How to Benchmark Your PostgreSQL Database - Percona Community PostgreSQL Live Stream & Chat - Sept, 22nd

Percona Community PostgreSQL Live Stream & Chat - Sept 22th

Percona Community Live Stream for PostgreSQL will focus on How to Benchmark Your PostgreSQL Database. This is a part of our bi-weekly meetup to develop open-source database skills. Come up with your questions and get an answer straight forward to all your questions.



Dave Stokes:
Hello, folks, let me bring Charly again, and hopefully, we can hear him unfortunately, it was fighting this data for a little bit. And the solution is how to benchmark your Postgres database. But this is something we actually beat to hear Charly. We’re going to have to post apologize for that we’ll work out the technical details. I have support from our person for our streaming source, and they just came online and detected a couple of questions. So hopefully, we’ll get a simple thing to come through. Unfortunately, without audio, I know Charly is talented, but I’m not sure. interpretive dance puppets and I know we can’t write fast enough to write this on a sheet of paper flashed up.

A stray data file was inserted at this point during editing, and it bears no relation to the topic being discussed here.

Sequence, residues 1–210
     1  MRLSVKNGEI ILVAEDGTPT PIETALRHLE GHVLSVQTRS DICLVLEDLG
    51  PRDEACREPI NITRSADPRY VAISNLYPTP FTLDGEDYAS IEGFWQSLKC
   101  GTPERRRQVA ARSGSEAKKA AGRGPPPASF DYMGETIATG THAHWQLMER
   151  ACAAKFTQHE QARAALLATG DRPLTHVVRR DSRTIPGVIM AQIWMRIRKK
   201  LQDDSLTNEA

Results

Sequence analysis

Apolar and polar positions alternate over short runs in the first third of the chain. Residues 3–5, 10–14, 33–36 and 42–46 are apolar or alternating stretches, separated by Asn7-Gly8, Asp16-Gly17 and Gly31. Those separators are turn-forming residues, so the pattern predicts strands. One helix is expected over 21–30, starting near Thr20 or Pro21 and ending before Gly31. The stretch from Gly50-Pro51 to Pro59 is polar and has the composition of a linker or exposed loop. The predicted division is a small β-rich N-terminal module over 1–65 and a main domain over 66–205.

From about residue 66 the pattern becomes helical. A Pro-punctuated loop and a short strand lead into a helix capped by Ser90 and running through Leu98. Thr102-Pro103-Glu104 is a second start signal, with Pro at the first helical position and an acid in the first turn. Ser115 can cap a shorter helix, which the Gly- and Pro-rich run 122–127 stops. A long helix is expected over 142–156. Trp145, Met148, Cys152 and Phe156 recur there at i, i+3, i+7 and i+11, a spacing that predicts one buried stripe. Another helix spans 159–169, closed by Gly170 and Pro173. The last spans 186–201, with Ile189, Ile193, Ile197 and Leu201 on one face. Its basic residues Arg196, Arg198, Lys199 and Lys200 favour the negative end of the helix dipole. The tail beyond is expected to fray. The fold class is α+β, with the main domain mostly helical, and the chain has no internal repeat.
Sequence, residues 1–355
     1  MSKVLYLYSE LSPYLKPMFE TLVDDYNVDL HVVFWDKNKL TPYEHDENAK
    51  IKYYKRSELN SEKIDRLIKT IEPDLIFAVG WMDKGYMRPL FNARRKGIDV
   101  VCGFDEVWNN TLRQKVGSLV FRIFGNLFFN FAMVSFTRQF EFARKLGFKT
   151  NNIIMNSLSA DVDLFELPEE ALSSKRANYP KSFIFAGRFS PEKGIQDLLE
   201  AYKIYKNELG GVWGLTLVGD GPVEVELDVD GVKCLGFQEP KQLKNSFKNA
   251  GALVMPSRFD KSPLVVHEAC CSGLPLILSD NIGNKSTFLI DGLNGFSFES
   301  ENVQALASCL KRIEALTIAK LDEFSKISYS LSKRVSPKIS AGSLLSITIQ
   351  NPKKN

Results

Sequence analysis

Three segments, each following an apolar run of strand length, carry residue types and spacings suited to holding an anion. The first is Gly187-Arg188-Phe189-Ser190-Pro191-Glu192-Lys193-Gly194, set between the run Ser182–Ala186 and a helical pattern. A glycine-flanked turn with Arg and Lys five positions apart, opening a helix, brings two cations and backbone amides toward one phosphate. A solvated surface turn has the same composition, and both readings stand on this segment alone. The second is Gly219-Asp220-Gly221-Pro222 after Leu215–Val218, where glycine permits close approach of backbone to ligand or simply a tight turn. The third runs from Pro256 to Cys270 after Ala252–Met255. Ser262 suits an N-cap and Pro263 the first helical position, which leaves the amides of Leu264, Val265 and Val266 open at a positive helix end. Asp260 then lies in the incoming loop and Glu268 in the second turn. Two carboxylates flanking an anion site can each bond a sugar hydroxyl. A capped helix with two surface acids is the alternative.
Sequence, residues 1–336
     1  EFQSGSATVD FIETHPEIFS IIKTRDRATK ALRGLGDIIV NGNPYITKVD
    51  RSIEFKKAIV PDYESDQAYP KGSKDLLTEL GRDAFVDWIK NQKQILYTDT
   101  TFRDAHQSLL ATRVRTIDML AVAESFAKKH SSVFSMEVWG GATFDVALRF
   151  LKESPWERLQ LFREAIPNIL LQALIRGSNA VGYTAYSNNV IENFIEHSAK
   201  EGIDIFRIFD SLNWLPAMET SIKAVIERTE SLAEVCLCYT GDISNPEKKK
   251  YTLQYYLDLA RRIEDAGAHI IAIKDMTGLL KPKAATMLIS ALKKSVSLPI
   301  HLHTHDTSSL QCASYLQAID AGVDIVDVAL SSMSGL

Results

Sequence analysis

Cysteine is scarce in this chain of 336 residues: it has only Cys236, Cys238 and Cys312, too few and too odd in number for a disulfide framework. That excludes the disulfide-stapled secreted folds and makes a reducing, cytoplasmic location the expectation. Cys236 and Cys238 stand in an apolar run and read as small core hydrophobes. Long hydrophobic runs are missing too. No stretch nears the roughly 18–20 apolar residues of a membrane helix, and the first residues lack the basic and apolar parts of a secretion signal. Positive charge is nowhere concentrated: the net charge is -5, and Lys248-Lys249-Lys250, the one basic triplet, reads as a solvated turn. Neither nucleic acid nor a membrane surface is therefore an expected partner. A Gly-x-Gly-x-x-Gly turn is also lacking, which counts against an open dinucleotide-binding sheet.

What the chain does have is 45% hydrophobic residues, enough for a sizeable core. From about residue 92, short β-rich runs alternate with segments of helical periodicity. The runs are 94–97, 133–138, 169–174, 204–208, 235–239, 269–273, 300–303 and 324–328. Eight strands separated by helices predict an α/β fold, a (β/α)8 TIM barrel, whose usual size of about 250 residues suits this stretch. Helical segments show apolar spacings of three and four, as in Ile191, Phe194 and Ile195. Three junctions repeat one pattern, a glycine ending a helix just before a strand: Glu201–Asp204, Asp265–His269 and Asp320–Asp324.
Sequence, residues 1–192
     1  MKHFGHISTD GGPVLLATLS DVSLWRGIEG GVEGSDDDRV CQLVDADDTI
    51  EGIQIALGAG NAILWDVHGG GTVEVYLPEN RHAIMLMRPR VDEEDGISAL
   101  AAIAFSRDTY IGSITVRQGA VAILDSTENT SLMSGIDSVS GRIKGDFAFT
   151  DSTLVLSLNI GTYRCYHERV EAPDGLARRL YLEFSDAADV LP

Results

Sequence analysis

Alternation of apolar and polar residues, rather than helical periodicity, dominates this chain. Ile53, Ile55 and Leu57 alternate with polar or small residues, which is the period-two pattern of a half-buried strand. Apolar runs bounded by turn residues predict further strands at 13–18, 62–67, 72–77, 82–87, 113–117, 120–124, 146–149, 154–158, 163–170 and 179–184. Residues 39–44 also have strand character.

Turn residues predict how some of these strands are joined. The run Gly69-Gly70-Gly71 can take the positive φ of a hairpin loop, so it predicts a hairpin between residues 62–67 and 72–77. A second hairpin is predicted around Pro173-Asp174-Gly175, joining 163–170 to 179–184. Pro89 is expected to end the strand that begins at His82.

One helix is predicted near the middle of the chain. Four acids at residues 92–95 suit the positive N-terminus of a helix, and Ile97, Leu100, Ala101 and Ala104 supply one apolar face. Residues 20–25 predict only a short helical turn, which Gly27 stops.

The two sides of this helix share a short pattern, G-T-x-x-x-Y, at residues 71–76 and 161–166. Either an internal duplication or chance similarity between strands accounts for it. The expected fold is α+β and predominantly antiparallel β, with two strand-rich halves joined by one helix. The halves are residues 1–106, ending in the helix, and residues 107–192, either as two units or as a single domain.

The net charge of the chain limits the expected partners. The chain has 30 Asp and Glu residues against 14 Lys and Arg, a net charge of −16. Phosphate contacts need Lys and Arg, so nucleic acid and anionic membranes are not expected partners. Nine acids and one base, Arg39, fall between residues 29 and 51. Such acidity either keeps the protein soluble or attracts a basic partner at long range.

I will have to go back and capture that, and make some news for Charly just for that. So I apologize. Currently, folks, we will redo this and reschedule it, and it’ll be even bigger and better. And Charly is unmuted I can see that. All right. Alright, let’s get the screenshot here

We can get a screenshot of it you’re on now Charly, and we’ll try to figure out what’s going on. Well, folks, I’m going to wrap this up since this is all we just sent it to me I think he probably sent it to me persecute see that I will save another copy.

Charly Batista:
Maybe anybody else can hear me? Folks, can you hear me? Can somebody say something?

Dave Stokes:
I don’t know if anyone in the audience maybe someone on YouTube can hear you. Let me turn on my audio on YouTube. As we debug all this turned on, on YouTube. Please.

Charly Batista:
Yeah, try to say something. Okay.

Dave Stokes:
I can hear Charly on YouTube. Oh, okay. So we’re, we’re just gonna go with what we have dala? Out in the terminal on YouTube and myself. I’m here. And we’ll go as best we can. And over to you, Charly.

Charly Batista: